“The Fairy Rade, or procession, was a matter of great importance. It took place on the coming in of summer, awl the peasantry, by using the precaution of placing a branch of rowan over their door, might safely gaze on the cavalcade, as with music sounding, bridles ringing, and voices mingling, it pursued its way from place to place.”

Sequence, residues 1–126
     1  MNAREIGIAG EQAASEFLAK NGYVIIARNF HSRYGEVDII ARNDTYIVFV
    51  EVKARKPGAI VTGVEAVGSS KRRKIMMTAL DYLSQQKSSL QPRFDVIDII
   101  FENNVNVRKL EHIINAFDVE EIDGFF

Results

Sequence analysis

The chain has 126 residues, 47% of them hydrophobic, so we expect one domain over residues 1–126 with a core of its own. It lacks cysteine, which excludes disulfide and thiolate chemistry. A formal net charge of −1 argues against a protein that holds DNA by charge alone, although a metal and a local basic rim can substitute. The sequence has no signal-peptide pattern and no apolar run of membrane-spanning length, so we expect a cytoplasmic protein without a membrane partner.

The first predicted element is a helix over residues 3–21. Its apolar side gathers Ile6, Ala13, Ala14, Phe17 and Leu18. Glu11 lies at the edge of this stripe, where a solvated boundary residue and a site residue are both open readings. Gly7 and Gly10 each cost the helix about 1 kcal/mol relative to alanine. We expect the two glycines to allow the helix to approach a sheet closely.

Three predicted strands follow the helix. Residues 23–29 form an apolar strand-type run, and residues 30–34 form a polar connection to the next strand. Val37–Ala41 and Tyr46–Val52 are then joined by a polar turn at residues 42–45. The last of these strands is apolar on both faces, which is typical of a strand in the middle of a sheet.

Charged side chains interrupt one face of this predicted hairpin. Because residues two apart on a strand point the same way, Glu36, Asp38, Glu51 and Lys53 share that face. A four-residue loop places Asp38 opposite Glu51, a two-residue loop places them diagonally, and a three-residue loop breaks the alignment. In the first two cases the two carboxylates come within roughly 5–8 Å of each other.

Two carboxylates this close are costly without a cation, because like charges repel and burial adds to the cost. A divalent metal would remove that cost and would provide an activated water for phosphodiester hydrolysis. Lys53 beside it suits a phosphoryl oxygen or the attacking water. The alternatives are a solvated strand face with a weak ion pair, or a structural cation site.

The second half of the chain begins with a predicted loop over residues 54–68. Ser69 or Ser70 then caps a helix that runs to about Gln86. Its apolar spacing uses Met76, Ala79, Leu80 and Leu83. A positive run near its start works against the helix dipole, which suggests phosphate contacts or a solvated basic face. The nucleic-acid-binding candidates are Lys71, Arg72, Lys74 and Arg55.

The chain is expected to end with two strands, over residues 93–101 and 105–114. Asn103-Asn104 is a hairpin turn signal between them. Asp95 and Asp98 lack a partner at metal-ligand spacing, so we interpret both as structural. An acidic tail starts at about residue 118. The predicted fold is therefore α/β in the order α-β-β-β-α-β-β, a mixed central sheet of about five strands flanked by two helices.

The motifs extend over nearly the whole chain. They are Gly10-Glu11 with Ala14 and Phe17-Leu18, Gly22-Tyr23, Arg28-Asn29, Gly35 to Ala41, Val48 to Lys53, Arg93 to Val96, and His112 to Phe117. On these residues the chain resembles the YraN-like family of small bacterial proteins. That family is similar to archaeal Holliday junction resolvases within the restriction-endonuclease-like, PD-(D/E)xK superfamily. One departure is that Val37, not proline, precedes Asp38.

Semphill's version the trooping of the fae seems to have been mixed up with the witches Sabbath, the event even taking place on Halloween rather than the eve of the Summer. The 16th and 17th centuries – while at the tail end of the Golden Age of Magic in Strange & Norrell – were not a good period to be a practitioner of magic in Britain. In England, Scotland and Ireland, a series of Witchcraft Acts enshrined into law the punishment (usually death, sometimes incarceration) of individuals practising, or claiming to practice magic. Many books were written upon the subject of magic and the detection of those who practised it at the time and among them was King James VI of Scotland (later also James I of England)'s Daemonologie, In Forme of a Dialogie (written as a conversation between two characters named Philomathes and Epistemon). Published in 1599 the work was divided into three parts, the last of which is entitled The Description Of All These Kindes Of Spirites That Troubles Men Or Women. In the fifth chapter of this book, The Description Of The Fourth Kinde Of Spirites Called The Phairie: What Is Possible Therein, And What Is But Illusiones, Epistemon makes it clear that he (and therefore King James) believes that fairies and the Other Lands are mere illusions created by the Devil to trick humans. The old beliefs, stories, and practices are dismissed in one fell swoop: anything non-Christian is automatically anti-Christian and therefore the work of the Arch Fiend itself. Faerie and Hell no longer near neighbours but, in the eyes of the King and his loyal subjects, the self same place. So it was that for centuries there was no magic in Britain, only Witchcraft. No magicians, only witches.